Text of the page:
LeapFrog hauls in $700m for third fund

The impact investor’s third fund is 75% larger than its predecessor and has already made five investments.

Emerging markets profit-with-purpose investor LeapFrog Investments has closed its third fund at $700 million.

The oversubscribed fund had an original target of $600 million. The fundraise takes LeapFrog to $1.6 billion of total commitments, according to a statement from the firm.

The fund is the largest private equity impact vehicle raised by a manager dedicated to the strategy, a signal that top-tier institutional investors consider the strategy worth backing at scale, founder and chief executive officer Andy Kuper told Private Equity International.

Prudential Financial, OPIC and IFC are leading investors in LeapFrog’s third fund, which has almost 40 institutional investors. These include global insurers such as Admiral, AXA XL, QBE and Everest Re; asset managers including Ascension Capital, Pinebridge, TIAA-Nuveen and HESTA; development finance institutions like Germany’s DEG, IFC and France’s Proparco; and foundations and corporates such as PactWorld, the Ford Foundation and the Rockefeller Foundation, Kuper said.

The vehicle’s predecessor closed on $400 million in 2014 and LeapFrog’s first fund closed at $135 million in 2010. The firm also manages a $350 million separate account for Prudential Financial Incorporated targeting investments in life insurance companies in Ghana, Kenya and Nigeria.

LeapFrog invests in healthcare and financial services companies in Asia and Africa that target emerging consumers, defined as “low-income” by the World Bank with less than $10 per day in the household. Key markets include India, Sri Lanka, Vietnam, Thailand and Indonesia in Asia and Kenya, Nigeria, Ghana and South Africa in Africa, although LeapFrog also looks opportunistically at other regions.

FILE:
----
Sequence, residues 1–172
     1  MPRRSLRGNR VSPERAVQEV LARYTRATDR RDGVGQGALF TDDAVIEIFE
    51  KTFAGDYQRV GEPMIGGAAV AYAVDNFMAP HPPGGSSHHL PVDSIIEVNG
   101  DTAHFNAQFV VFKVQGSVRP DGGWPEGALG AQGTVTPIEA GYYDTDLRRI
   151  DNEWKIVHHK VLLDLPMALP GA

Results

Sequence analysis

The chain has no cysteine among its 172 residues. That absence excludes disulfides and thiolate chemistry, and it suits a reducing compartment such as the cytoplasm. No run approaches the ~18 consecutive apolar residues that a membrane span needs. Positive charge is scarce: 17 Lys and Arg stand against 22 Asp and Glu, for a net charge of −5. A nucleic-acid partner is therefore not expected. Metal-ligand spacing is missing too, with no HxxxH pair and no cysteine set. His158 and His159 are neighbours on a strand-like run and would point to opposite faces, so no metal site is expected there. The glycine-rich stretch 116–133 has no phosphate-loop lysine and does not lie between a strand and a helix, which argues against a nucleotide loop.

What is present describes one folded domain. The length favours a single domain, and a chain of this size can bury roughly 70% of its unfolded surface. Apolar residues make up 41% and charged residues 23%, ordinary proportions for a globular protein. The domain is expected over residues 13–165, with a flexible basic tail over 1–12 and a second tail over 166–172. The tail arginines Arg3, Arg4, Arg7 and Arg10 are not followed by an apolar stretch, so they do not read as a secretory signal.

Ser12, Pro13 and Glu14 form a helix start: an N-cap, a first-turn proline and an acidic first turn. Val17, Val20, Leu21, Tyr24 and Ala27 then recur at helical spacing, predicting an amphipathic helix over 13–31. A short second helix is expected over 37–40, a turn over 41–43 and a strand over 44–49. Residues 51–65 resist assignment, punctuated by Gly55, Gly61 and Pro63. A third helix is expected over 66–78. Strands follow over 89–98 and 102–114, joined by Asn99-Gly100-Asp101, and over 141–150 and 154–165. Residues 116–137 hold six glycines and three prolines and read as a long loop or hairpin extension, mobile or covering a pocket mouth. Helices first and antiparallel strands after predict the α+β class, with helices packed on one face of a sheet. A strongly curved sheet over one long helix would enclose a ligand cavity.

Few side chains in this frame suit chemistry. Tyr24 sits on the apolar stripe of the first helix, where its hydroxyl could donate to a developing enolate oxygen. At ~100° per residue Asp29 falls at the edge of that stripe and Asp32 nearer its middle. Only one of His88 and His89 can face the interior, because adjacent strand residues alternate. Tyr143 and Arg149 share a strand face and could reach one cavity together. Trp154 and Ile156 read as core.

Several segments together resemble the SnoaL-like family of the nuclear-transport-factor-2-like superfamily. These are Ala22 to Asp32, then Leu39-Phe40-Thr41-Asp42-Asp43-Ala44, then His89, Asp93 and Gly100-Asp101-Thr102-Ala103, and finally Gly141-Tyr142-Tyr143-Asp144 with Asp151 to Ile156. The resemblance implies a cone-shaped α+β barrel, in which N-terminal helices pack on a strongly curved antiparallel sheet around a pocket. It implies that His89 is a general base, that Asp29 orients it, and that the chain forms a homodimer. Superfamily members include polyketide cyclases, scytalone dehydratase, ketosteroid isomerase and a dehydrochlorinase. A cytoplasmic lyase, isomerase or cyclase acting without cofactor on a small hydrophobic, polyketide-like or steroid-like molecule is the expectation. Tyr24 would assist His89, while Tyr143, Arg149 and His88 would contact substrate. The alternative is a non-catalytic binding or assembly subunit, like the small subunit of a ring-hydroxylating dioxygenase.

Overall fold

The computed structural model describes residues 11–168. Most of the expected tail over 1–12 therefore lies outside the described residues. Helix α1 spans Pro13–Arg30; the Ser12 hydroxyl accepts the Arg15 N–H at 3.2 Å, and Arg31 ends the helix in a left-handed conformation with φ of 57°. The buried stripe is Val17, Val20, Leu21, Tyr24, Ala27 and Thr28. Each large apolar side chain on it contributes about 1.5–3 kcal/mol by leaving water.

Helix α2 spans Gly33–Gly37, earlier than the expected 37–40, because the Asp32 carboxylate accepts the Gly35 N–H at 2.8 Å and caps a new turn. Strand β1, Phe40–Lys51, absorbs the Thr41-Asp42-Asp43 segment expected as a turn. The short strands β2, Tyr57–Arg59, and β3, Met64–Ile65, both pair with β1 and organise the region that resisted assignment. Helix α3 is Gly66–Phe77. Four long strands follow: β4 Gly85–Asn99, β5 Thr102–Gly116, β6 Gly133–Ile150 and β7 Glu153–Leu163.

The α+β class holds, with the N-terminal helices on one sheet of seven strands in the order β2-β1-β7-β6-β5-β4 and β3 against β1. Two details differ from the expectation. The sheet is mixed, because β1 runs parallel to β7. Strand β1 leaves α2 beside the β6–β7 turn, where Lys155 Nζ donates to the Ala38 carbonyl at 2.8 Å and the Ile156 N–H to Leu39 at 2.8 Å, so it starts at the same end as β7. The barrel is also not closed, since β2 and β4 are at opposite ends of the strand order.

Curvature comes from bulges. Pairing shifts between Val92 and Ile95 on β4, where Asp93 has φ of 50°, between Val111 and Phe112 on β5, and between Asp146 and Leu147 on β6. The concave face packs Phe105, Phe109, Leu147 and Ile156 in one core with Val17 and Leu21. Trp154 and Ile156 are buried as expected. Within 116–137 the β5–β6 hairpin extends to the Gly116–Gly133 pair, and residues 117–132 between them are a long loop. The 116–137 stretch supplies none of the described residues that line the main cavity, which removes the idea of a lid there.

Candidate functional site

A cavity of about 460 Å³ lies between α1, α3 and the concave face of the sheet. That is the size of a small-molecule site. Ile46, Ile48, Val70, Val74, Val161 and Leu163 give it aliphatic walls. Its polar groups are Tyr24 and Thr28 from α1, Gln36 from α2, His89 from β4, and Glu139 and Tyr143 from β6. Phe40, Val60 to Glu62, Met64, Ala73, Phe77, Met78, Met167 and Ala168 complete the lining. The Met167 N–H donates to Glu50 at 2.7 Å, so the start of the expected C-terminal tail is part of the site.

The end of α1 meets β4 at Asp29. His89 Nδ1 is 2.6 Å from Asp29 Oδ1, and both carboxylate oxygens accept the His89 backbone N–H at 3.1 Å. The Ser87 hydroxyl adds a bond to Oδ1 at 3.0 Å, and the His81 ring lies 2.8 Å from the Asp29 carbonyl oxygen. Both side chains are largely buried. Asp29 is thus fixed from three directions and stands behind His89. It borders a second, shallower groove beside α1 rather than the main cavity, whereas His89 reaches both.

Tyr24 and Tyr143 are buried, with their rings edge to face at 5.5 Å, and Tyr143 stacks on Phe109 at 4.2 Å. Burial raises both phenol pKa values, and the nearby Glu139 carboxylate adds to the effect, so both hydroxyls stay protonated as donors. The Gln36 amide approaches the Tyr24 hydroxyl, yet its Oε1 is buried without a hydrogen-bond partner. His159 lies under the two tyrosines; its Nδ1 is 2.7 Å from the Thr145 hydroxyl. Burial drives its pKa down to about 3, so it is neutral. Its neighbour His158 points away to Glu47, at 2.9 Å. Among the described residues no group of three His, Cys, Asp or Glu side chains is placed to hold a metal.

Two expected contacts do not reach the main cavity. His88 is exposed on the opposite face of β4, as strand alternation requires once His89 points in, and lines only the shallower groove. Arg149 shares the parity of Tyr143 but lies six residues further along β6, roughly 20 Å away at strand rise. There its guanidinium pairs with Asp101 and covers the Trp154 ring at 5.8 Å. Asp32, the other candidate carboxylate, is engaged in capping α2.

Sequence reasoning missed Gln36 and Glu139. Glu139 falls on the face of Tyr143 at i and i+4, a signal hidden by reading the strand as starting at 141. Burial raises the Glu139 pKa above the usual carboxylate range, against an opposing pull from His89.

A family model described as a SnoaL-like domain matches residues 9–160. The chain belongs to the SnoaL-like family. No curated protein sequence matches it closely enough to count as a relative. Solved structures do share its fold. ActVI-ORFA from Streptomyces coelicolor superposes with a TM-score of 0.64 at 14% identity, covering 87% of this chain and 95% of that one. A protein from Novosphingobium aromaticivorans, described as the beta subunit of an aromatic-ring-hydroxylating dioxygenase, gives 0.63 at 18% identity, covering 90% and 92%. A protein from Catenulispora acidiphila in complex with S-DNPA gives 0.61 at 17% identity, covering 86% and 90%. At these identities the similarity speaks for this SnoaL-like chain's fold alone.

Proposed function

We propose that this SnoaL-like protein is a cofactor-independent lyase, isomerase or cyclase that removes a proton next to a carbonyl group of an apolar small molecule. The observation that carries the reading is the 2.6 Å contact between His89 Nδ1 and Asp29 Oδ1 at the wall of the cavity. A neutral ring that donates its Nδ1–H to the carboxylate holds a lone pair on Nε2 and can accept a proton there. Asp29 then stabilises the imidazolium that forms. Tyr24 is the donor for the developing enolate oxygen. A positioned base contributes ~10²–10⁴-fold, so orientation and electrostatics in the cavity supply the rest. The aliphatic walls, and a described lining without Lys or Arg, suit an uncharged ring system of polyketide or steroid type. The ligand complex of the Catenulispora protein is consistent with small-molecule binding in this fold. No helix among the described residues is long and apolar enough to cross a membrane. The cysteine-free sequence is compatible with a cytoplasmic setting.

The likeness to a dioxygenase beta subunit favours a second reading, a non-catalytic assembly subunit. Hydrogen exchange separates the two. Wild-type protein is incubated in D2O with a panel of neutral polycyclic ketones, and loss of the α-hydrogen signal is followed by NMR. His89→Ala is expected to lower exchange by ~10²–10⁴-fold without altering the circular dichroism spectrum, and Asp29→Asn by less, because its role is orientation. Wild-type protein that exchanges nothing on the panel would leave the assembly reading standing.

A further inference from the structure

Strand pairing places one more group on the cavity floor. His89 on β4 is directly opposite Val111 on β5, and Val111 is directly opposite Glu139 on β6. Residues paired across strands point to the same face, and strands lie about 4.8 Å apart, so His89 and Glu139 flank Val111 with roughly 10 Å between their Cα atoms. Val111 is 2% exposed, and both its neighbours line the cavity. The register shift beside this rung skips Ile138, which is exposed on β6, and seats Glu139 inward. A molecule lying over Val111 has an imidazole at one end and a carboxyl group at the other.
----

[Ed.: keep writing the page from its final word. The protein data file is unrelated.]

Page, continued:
The firm pursues top-quartile returns for private equity: “We believe strategies like ours can achieve outsized returns and impact,” Kuper said.

He declined to comment on specific numbers, saying instead, “The presence of so many commercial investors in our recent fund should indicate that our funds could generate high returns.”

Almost 70 percent of LeapFrog’s deals are proprietary and it typically invests below $50 million in each, Kuper said. “That’s a sweet spot where companies can grow and start generating between 2x and 3x for our investors. And these companies tend to have a niche and unique positioning.”

LeapFrog’s third fund has already invested in WorldRemit, NeoGrowth, Goodlife Pharmacy, Pyramid Pharma and Ascent Meditech, according to a company release.

LeapFrog also partners with traditional private equity firms. It teamed up with Accel Partners and TCV to invest in WorldRemit, a London-headquartered company which lowers the cost of remittances for low-income migrants from 10-20 percent to between 2 and 4 percent.

The firm’s portfolio companies have been acquired by SwissRE, Prudential, Fidelity and Standard Chartered, among others.

“They like the idea of high-quality, high-ESG and growth-focused companies in this expanding impact segment,” Kuper said of the acquirers.

LeapFrog measures impact through a proprietary measurement tool called FIIRM: financial, impact, innovation and risk management. The tool pulls in data like the number of emerging consumers the company reaches, and whether services are affordable, relevant and high quality. It also uses industry-specific metrics; for instance, in insurance it looks at renewal ratios and how much of the capital pool is returned to consumers, Kuper explained.